Whisk hot milk mixture, then gradually whisk into egg yolk mixture. Return to saucepan over moderate heat and cook, whisking constantly, until pastry cream simmers and thickens, about 1 minute. Remove from heat, discard vanilla pod, and whisk cream until smooth. Transfer to bowl and press plastic wrap directly onto surface. Chill. (Pastry cream can be made ahead and refrigerated, wrapped well with plastic wrap on surface, up to 3 days.)

Spoon filling into a pastry bag fitted with a plain ¼″ tip. Gently poke a hole in the flat side of each baked, cooled puff with the tip of a paring knife and pipe in filling.

4. For the caramel:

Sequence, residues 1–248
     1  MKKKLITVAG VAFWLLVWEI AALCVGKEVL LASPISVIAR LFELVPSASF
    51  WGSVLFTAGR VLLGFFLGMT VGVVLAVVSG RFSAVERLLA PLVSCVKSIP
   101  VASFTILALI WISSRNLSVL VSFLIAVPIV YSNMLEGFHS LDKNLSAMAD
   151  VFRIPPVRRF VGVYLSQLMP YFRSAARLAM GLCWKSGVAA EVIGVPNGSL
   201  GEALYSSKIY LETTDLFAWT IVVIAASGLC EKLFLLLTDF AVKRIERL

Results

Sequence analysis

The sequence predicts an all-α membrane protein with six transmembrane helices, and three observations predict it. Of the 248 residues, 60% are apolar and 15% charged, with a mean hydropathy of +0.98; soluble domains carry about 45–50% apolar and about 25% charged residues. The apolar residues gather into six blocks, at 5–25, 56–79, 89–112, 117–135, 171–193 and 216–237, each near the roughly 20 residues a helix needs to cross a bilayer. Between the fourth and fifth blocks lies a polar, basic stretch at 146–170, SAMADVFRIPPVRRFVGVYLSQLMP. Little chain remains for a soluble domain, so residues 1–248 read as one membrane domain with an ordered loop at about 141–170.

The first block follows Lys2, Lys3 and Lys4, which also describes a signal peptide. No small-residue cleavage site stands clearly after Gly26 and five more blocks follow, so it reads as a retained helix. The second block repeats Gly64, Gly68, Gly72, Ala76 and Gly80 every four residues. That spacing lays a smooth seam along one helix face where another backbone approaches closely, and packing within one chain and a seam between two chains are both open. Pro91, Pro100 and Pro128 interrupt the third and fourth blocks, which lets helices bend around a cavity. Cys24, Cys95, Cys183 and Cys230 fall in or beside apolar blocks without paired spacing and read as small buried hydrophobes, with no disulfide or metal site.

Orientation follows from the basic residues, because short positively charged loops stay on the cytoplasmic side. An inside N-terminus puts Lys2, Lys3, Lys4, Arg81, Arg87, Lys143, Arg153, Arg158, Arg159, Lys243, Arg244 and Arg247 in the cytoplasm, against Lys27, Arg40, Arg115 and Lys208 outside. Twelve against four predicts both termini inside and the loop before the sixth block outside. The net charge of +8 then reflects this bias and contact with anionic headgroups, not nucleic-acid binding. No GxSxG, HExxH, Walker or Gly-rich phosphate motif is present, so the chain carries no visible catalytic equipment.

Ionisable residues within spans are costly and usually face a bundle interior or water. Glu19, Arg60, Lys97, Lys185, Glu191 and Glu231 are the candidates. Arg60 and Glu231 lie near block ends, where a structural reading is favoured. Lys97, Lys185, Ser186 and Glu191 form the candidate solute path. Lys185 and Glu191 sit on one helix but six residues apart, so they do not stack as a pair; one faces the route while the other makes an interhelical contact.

Place 2 cups sugar and ½ cup water in a saucepan and stir to combine. Cover and cook over medium heat until sugar turns light amber, about 15–20 minutes. Quickly remove from heat, the caramel will continue to darken.

5. Assembly:
Using tongs, dip top of each filled puff in hot caramel. Place puffs, glazed side up, on serving platter. Form a base with 10 glazed, cooled puffs, sticking them together with more caramel. Add puffs, layer by layer, to form a hollow cone. (Reheat caramel until liquid again if it becomes too thick; repeat making more caramel with remaining sugar and ½ cup water when first batch of caramel becomes too thick to work with.) Allow caramel to cool until it is the consistency of honey. With a spoon, drizzle thin strings of caramel around cone; let cool until brittle and set. The croquembouche is best served within 4 hours of making.